To make matters worse, she cannot find a man to marry. In this part of the country, it is rare for a man to marry a woman who has produced two children. It s million times more difficult if those children were fathered by a rebel .Men fear that ex-abductees became violent in the bush or might have contracted HIV from the rebels.

Like Aol, many girls are still suffering from the pains of war .According to the United  Nation as estimates, about 10,000 girls became child mothers when the LRA abducted them between 1988 and 2004.Another 88,000 girls, who were not abducted, became child mothers due to the conditions in internally  displaced people’s camps.

Alice Achiro, 24, was abducted in the 2000 on her way to collect fire wood.

‘I was forced to kill and remove the heart of a woman who tried to escape. I was also forced to have sex with a rebel .By the time I escaped, I had three children” she says .But her parents did not allow her back to their home in Palenga, Gulu district. Eventually, she became a sex worker.

Another former abducted, Annette Akello, 31, escaped in 2004 after 15 years in the bush .By then,she had four children fathered by a rebel .On reaching her home village in Padibe ,Kitgum district ,She found both her parents dead.”All her relatives, including other members of the community chased her away ‘, recalls Simon Odwee, an LC1 chairman of Padibe village in Kitgum district.

Akello then went to a bush and strangled all her children before hanging herself.

Such is the suffering of girls who were abducted, forced to sleep with rebels, turned into mothers at a tender age and then rejected by their own p

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Last week on Friday 20, the Uganda media broadcasted a video clip where the Police officers were seen squeezing the breast of the opposition woman politician Ingrid Turinawe. Ingrid is the leader of the women’s league for Forum for Democratic Change(FDC)  which is one of the strongest opposition political party in the country. The police squeezed Ingrid’s breast  while arresting her  on her way to a rally in one of the city surburbs. This cruel and brutal act has been condemned by human rights activists and the general public

As a woman, I couldn’t image the pain Ingrid experienced  in the hands of the police. Why did the police target her breast? This is  pure sexual violence perpetrated by the state which is supposed to protect its citizens. If the police can behave like this in broad day light and before the cameras, what happens in isolated places? Isn’t worse that this?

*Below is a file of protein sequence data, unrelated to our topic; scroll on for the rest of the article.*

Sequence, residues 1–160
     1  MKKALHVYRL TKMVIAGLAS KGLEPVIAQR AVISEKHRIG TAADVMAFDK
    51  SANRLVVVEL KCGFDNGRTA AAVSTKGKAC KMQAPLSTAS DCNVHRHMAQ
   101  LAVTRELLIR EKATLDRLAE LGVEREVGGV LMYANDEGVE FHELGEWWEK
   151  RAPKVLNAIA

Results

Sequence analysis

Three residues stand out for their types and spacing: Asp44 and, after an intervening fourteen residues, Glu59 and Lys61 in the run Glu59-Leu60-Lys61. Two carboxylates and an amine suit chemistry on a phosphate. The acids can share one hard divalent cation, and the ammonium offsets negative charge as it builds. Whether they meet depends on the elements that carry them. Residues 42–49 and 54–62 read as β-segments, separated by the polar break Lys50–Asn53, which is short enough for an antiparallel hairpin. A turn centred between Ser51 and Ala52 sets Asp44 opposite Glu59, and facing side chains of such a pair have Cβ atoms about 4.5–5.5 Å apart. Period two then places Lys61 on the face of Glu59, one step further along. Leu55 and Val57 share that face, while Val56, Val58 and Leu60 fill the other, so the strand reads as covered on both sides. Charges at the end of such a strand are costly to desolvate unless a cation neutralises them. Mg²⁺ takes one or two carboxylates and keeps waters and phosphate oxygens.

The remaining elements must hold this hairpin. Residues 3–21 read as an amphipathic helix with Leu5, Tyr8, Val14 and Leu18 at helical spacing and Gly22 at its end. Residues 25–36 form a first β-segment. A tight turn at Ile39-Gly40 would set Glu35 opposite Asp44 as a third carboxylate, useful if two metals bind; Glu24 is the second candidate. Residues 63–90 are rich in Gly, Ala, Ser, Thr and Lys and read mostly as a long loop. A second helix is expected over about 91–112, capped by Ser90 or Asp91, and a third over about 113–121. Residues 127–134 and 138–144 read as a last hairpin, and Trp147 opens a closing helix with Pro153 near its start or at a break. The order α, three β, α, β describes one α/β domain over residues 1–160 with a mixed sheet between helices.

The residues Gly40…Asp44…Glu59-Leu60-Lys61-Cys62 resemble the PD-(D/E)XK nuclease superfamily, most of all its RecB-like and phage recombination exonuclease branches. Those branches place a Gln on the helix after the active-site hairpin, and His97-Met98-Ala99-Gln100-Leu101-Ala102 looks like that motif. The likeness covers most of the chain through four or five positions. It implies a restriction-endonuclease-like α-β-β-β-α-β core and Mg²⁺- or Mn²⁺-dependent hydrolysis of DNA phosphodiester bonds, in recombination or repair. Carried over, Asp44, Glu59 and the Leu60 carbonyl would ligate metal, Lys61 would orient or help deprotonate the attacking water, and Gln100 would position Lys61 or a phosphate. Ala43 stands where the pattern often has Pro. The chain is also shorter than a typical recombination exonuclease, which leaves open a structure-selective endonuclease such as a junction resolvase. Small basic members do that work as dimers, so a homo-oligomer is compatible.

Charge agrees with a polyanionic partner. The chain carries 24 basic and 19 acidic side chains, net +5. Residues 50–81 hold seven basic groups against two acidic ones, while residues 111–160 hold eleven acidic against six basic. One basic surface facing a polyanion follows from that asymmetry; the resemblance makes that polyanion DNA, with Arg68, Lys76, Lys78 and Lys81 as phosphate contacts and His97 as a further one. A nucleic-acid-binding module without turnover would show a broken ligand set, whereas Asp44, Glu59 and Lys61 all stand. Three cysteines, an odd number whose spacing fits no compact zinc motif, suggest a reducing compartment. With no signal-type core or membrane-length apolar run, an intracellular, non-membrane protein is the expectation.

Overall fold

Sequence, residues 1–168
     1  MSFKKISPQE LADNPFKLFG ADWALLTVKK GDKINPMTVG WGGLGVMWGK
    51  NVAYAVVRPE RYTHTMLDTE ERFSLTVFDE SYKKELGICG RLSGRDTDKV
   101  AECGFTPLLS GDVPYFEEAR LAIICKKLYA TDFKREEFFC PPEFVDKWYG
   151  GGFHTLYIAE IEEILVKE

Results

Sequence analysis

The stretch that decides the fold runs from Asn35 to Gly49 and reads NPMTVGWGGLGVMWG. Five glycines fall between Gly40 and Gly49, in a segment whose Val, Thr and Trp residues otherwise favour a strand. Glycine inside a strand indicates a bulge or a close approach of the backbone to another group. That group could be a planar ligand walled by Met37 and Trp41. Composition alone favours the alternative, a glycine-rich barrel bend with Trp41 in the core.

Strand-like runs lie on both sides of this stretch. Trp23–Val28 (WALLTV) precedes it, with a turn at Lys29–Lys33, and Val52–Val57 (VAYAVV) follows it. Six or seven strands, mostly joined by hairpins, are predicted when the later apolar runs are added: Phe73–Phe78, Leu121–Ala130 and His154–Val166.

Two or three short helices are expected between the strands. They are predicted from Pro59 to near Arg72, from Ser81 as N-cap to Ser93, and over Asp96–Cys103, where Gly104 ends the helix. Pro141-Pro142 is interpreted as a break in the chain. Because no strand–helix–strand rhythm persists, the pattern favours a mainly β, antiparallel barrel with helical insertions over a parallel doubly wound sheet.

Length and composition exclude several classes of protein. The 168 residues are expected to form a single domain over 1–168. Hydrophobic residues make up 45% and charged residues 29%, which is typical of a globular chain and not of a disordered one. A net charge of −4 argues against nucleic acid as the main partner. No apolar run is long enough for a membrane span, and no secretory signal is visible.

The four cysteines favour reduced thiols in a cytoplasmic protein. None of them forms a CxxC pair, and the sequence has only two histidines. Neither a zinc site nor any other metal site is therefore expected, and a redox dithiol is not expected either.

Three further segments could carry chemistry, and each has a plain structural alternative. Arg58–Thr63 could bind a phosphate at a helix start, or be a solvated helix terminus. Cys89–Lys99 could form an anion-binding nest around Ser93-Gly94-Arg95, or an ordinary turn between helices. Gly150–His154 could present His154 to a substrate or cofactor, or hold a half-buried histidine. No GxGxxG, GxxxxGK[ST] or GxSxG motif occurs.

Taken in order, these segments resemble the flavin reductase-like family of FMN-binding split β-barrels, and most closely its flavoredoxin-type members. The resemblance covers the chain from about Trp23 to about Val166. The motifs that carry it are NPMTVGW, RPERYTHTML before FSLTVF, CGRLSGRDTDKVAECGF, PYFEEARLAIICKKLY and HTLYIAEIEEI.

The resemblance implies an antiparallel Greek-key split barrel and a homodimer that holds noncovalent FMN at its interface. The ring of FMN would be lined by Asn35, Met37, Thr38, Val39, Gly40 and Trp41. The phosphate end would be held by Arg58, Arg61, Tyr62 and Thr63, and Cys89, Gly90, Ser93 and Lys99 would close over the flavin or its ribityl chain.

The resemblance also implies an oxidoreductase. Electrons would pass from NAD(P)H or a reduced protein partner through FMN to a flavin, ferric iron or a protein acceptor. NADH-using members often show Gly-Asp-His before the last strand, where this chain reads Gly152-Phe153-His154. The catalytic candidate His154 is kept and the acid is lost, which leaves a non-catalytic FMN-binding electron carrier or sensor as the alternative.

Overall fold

This action by police also shows that the country has no respect for women which is very sad as they are mothers of all nations. One of the reactions from the Uganda Women’s Movement was to organise a topless protest only wearing the bras at  the  central police station to express their anger and action against the police officers who abused Ingrid. Unfortunately they were also arrested though later released. The women were also criticised by the public for exposing their breasts and condemned for being immoral.

In the same spirit, the chairperson of Uganda  Women parliamentary association Betty Among   and on behalf  of the Uganda Women’s Movement presented a statement in parliament condemning in the strongest terms the police act and demanding an apology from the Uganda Police and government  in general on behalf.

To the surprise of many of us from  the women movement  who attended the parliamentary session, members of parliament from the ruling party, National Resistance Movement(NRM) who stood up to talk condemned the police  act with reservations  and blamed Ingrid for resisting the arrest and added that she deserved it.

There was also another controversy on who actually effected the arrest as police claimed that it was done by the female police officer while the cameras clearly showed that it was done by the male officer. The Uganda constitution says that female offenders are supposed to be arrested by the female police officers

When the Prime minister honourable Amama Mbabazi  stood up to speak he stated that he watched the clip and  apologised.  He also said that action had been taken and the Police Officer who was involved has been suspended.

And when he was tasked to give the details, he could not explain,  the Prime Minister however insisted that he did not have the name of the officer but said he would bring the details to the house when police investigations have been concluded.

The speaker of Parliament Rebecca Kadaga asked the state minister for internal affairs to table the findings from the police investigation before 18th May when the Parliamentary session ends.

Since the  presidential elections in 2011, Ugandans have experienced  increased police brutality  especially targeting opposition leaders.